Technology has many benefits and is a great luxury of modern society. I wouldn’t be able to write this article, nor could you read this, without it. It can be a source of information, job networking, connection with family, or even a relaxing break from stress. But along with the benefits come the downsides. Family time is diminishing; work bleeds over into home life, we are in constant contact with friends, and we expect that everyone should be available at a moment’s notice. These things together scream that technology while good, needs to be monitored.

In 2010 the Kaiser Foundation conducted a survey that found youth, age 8-18, spend an average of 7 hours and 38 minutes on electronic devices a day, about 53 hours a week. And because they can use multiple media devices at the same time they pack 10 hours and 45 minutes of usage into those hours. A 2014 study done on adults found that the average adults spends 11 hours a day plugged in to their electronic devices. To put this in perspective that is more hours than a full time job.

These statistics have a dramatic effect on how we live our lives, and how we interact with our families. The biggest noticed effect is a decrease in family interaction. One article describe our obsession with technology as a new family ritual that consist of “One family. One room. Four screens. Four realities.” Even when families are spending time with each other it is interrupted by constant distractions.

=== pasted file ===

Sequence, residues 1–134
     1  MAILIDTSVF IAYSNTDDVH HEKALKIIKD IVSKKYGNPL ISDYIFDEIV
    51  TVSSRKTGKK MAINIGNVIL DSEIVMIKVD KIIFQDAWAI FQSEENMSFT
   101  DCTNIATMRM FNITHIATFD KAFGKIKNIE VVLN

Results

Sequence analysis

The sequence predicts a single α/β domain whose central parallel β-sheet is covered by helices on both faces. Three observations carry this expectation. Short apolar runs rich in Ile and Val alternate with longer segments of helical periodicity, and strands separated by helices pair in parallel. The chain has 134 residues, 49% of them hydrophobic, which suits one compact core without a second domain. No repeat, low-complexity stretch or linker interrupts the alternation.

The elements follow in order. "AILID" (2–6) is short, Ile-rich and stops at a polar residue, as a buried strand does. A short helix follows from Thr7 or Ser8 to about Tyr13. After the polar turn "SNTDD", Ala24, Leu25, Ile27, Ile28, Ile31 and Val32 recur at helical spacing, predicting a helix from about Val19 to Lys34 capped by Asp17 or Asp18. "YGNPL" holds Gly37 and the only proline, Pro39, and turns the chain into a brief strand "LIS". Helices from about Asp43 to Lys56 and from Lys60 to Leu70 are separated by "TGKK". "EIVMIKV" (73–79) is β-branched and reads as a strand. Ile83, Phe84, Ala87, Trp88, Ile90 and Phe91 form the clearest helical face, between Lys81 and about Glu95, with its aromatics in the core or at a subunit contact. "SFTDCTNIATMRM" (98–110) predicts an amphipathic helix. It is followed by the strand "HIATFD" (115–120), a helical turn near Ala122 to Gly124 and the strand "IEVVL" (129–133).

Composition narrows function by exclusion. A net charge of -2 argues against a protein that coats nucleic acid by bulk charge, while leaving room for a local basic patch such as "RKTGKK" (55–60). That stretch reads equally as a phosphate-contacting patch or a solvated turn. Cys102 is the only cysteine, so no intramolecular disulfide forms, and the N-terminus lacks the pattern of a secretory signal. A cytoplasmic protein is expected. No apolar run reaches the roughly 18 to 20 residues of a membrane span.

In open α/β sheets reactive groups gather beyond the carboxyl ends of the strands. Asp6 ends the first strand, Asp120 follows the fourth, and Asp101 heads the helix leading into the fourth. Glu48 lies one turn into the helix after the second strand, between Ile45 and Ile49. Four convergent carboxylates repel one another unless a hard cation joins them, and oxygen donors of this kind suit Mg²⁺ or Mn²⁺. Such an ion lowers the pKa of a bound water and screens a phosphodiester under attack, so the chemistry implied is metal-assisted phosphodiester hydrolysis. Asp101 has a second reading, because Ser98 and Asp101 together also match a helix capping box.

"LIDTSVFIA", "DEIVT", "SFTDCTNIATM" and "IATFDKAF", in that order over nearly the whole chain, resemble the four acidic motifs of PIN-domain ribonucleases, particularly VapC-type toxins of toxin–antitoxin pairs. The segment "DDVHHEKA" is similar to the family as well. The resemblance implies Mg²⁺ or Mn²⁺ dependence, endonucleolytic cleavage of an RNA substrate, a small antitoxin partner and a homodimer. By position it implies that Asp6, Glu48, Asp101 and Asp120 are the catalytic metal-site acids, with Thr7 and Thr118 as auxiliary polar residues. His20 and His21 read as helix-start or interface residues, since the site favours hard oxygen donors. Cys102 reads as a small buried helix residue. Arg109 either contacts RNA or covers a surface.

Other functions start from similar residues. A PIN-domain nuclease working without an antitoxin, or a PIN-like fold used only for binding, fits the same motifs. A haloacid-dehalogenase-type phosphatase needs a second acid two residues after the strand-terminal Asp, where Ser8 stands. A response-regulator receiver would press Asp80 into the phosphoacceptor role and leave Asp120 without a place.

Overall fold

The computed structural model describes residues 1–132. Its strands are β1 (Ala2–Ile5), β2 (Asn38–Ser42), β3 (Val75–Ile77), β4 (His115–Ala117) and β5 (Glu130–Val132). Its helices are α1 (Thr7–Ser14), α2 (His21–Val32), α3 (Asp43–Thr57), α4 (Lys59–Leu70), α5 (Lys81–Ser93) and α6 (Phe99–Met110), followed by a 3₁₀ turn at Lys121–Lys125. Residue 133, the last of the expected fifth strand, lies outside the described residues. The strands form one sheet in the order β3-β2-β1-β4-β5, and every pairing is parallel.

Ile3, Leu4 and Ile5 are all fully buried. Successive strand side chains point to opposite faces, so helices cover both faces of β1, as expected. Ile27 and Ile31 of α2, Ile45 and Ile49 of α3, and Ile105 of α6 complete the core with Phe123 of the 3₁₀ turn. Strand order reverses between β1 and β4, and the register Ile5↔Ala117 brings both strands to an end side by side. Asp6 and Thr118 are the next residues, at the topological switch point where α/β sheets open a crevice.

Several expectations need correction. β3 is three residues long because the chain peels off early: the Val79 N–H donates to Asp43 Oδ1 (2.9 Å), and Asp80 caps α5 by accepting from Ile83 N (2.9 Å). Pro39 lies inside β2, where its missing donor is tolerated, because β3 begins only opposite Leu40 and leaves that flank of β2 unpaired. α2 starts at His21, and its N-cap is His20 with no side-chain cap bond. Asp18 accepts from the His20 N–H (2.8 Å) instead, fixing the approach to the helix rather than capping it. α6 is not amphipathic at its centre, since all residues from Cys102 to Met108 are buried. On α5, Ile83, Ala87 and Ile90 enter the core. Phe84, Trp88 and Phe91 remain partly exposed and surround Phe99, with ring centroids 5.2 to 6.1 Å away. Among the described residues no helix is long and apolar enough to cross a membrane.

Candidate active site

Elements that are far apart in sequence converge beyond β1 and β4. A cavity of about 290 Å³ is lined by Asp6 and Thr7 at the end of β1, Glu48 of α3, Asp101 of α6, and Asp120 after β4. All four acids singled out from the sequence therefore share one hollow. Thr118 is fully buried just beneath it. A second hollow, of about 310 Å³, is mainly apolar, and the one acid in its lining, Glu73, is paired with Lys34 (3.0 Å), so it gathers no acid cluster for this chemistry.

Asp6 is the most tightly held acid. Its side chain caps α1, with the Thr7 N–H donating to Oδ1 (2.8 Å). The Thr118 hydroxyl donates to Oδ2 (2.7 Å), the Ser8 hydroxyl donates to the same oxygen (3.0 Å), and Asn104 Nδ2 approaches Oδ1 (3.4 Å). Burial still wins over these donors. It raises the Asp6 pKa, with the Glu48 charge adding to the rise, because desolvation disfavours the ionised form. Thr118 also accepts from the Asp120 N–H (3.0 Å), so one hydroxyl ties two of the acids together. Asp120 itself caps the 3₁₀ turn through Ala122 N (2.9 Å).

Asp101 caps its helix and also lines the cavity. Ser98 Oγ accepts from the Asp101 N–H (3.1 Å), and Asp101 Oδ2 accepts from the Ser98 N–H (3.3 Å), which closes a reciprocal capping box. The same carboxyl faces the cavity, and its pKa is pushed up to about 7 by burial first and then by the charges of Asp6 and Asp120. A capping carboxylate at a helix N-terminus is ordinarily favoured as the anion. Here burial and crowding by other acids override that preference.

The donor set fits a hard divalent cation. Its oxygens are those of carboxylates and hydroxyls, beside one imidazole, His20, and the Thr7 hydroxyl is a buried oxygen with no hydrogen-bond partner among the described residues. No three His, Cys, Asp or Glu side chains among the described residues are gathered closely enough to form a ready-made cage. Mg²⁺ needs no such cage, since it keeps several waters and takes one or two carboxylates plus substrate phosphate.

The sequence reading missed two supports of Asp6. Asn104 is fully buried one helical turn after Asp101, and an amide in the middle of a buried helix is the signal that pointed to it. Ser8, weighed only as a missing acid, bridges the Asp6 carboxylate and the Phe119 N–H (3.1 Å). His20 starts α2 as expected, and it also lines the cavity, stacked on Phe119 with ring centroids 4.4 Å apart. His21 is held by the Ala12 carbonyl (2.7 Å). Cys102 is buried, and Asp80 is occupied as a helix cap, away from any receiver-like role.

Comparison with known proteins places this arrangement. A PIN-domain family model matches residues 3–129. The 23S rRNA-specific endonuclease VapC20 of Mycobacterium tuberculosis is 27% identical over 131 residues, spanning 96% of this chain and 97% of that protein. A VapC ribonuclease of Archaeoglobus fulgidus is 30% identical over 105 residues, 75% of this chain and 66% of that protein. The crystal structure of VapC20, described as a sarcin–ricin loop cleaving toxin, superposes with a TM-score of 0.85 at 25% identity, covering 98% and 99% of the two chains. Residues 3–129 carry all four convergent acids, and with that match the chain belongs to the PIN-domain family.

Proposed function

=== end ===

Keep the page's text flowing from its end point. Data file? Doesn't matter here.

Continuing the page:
Both children and parents have become increasingly dependent on technology, and it is causing a divide in families. Many times these devices are used as a problem-avoidance tool. When a conflict arises and family members need to address the issue, instead they are turning to technology to avoid confronting the issues.

It is also limiting members’ ability to connect with each other. For one thing, when children are on electronic devices it takes away from the time family can spend together. You can’t do both at the same time. A growing trend is parents, in attempt to fill this connection, connect with their children on social media rather than face to face. This does not allow true connection and increases the divide even more. Jim Taylor of Psychology Today stated “the ramifications of this distancing are profound. Less connection—the real kind—means that families aren’t able to build relationships as strong as they could be nor are they able to maintain them as well. As a result, children will feel less familiarity, comfort, trust, security, and, most importantly, love from their parents.”